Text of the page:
Johnson admitted he felt “a little nervous” the night before the argument, but by that morning, he was calm and confident — the result, he said, of meticulous preparation that included not just his team’s work on the cert petition and merits briefing, but also several moot courts, where he took questions from panels of attorneys posing as justices.

“After I’d gone through four moot courts, I felt pretty prepared for the argument,” he said.

It also helped that Georgia v. Public.Resource.Org was the second case on the docket on December 2.

“I got to sit in the courtroom a little bit and see the Justices interact with the attorneys in the other case, so that was a good introduction,” Johnson recalled. “I wasn’t just going cold into the argument; there’d been a little bit of lead-up to it.”

Johnson was allotted a total of 20 minutes to speak before the court. He decided to save three minutes for rebuttal, leaving 17 minutes for him to state his initial case and take questions from the Justices.

“It was about three minutes in that I got the first question, which came from the Chief Justice,” he said. “And then we were off to the races.”

In response to questioning, Johnson explained to the Court that Georgia was not limiting access to the law, and that under its agreement with Georgia, Lexis was required to maintain a free website with the text of Georgia’s statutes, while the annotations were available for a low price capped by the state. And both the statutory text and accompanying annotations could be accessed for free at libraries.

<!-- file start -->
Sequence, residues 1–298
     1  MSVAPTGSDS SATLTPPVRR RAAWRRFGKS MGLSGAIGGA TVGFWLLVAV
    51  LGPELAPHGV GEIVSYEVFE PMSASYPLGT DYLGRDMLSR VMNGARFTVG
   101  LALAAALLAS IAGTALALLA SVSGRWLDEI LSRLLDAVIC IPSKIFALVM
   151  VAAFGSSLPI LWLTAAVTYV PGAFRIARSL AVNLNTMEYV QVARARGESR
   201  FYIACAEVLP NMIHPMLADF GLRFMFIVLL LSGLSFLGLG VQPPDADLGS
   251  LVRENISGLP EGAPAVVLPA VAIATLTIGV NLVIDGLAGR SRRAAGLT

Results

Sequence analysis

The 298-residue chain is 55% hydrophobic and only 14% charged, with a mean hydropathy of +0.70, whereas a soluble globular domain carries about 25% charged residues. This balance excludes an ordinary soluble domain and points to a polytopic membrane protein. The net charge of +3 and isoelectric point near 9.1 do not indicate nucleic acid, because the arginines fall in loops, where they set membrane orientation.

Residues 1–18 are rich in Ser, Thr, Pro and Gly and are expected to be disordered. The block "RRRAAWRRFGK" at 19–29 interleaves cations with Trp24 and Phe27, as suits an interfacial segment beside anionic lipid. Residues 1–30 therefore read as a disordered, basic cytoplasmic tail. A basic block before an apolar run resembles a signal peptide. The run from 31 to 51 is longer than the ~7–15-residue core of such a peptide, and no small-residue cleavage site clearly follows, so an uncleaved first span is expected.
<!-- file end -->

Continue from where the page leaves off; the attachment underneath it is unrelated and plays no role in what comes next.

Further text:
“The key point is that if Georgia no longer had this arrangement, and only private companies were making their own annotations without some kind of arrangement with the state, they would almost certainly charge far more than the price that the state negotiates in its contract,” he said.

In his rebuttal, Johnson focused once again on the history of the legal doctrine at issue and the negative consequences for state governments of affirming the 11th Circuit’s decision below.

“I tried to focus on what I saw as the key issues in the case and not get bogged down in some of the minutia,” he said. “I also was prepared to respond to some of the finer points that the other side made during their argument. But those didn’t seem like the points that were going to win or lose the case, so I did not focus on them during the rebuttal.”

Though the Supreme Court likely won’t rule on the case until the spring of 2020, as far as Johnson’s colleagues are concerned, he’s already a winner for his deft presentation.

“Josh was right at home in steering the argument toward our view of the case,” Marwell said. “Nobody in the courtroom would have known it was his first argument.”